When is the full Harvest Moon: This year, the famous Harvest Moon—which appears to shine on for several days in a row—falls on October 1, 2020. Bob Berman explains why—plus some fascinating, little-known facts about our big ol’ Moon!
What is the Harvest Moon?
The Harvest Moon is not just a name like other full Moon names. The Harvest Moon, together with the Hunter’s Moon, are the year’s only full Moons that have official astronomy names (versus names from folklore).
Astronomically, the Harvest Moon is always the full Moon closest to the autumnal equinox (and things really are being harvested right around now).
This means that the Harvest Moon isn’t always in the same month. It can fall in September or October.
When is the Harvest Moon?
It’s more common for the Harvest Moon to fall in September because it is the nearest date to the fall equinox. But every third year, a full moon comes in October that is closer to the equinox.
That’s the case in 2020, when the Harvest Moon falls on the first day of October. In fact, October 2020 will experience two full Moons: one on October 1 (the Harvest Moon) and the other on the 31st! Yep, it’s a rare Halloween Blue Moon!
When the Harvest Moon falls in October, this allows September’s full moon to use its traditional name, the Corn Moon.
How to See the Harvest Moon
The full Harvest Moon is famous because it appears to rise for several nights in a row! This lunar phenomenon happens because the full Moon rises only 20 or 25 minutes later each night when near the autumnal equinox. Typically, the Moon rises about an hour later each day.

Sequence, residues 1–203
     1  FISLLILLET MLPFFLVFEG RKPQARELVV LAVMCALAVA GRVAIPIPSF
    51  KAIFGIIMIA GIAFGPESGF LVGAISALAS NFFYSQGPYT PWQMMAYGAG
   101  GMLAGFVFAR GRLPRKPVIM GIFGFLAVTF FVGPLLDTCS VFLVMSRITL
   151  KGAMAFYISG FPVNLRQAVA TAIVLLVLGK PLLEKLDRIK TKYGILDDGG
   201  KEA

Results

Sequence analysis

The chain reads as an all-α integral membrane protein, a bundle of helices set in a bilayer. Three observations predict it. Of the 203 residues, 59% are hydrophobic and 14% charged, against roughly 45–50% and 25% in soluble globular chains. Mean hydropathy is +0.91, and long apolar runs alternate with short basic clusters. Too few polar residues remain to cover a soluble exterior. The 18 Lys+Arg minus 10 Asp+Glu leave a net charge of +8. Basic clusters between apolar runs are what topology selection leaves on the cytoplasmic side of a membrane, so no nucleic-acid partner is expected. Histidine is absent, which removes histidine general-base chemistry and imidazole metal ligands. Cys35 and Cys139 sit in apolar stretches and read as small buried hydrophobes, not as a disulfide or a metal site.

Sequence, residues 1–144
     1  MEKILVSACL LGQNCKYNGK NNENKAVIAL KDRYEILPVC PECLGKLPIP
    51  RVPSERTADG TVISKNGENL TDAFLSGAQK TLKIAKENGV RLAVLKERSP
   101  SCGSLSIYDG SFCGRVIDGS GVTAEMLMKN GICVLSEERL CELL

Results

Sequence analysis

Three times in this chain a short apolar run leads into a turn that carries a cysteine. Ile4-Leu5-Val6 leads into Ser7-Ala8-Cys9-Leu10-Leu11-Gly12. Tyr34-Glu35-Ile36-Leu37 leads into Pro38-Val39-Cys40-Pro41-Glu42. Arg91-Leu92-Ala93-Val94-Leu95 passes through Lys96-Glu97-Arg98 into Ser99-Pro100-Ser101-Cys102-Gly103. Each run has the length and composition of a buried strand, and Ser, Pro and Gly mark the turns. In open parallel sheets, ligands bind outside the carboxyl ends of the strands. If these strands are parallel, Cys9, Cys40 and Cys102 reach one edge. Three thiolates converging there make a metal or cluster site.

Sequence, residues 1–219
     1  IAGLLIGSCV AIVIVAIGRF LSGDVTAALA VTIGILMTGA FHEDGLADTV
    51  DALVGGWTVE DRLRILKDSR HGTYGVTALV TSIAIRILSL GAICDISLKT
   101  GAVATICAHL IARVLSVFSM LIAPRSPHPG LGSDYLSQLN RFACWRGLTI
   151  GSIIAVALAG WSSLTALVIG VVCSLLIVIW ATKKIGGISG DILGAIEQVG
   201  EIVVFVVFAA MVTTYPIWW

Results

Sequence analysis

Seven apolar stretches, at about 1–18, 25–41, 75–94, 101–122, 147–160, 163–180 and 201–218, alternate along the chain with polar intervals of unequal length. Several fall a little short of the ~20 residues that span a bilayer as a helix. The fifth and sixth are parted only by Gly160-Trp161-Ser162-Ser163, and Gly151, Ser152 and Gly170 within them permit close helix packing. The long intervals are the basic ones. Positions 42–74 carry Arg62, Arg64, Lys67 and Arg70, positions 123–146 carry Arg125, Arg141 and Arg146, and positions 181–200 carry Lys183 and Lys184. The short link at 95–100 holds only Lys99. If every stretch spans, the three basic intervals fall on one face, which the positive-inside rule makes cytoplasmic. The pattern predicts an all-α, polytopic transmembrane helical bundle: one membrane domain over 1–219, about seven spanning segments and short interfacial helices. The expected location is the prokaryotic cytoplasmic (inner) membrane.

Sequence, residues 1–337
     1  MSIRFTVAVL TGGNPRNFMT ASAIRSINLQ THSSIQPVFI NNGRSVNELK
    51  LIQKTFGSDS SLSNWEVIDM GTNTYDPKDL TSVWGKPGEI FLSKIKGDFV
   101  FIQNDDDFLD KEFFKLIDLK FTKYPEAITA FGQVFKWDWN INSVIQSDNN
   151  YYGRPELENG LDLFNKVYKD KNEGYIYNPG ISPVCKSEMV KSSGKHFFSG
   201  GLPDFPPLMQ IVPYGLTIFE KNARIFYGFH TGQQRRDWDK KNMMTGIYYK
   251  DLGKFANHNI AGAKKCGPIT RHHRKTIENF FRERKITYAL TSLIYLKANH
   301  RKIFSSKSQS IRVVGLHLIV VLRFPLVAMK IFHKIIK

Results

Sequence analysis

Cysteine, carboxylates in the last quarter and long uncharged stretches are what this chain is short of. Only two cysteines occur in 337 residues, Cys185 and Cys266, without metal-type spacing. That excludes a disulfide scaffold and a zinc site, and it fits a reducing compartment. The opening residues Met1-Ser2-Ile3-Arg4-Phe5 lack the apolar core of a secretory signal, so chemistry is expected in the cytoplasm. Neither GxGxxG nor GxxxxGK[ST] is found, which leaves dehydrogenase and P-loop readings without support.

Read more about WHY this all happens in “Shine On, Harvest Moon!”
So you can see why this is called the Harvest Moon. Just when the farmer runs out of daylight to finish the harvesting chores, the full or nearly full Moon shines down from the sky night after night to help out with extra light. This doesn’t happen at any other time.
A harvest Moon!
And on the mats—
Shadows of pine boughs.
–Takarai Kikaku (1661–1707)
Why Does the Harvest Moon Look Orange?
Nothing differentiates a Harvest Moon in appearance. It’s more of a lunar phenomenon.
Yes, this full Moon might look orange and enormous when it’s low. But all Moons do that. They look orange or red in color because your eyes are looking through a greater thickness of Earth’s atmosphere. They look larger when near the horizon because of what we call the “Moon Illusion.”
More Full Moon Facts
It’s a great time to learn fascinating, little-known facts about that sole sky-object that appears absolutely, perfectly circular. The Moon is out-of-round by just one part in 500, which is utterly unnoticeable. (The Sun looks round, too, but is rarely safe to look at.)
On just does one day out of 30 does the Moon reach its full phase—hardly the dominant motif of the lunar month. But this is the phase most favored by poets and artists. Garnering the lion’s share of lore and myth, it is endowed with supposed powers and abilities never attributed to any other phase.
A “full” appearance, of course, only tells us that sunlight then shines straight down on the lunar surface from our perspective; that our planet must be neatly positioned between Moon and Sun. If we sat EXACTLY in the midpoint, the Moon would lie in our shadow and be eclipsed—a phenomenon which will next be visible from the U.S. in May of 2021. But most months, the lunar orbit’s 5-degree slant makes the Moon pass a bit above or below the precise antisolar location.
Still, the full Moon always floats close enough to that opposite-the-sun location to exhibit several logical consequences. It thus makes sense that the full Moon:
- Rises as the sun sets
- Sets as the sun rises
- Is highest when the sun is lowest (at midnight, or 1 AM during Daylight Saving Time)
- Is the only phase never seen in daytime
- Is the only phase that is out all night long
- Is the only possible phase that can be eclipsed
Pretty amazing, huh?
By the Light of the Full Moon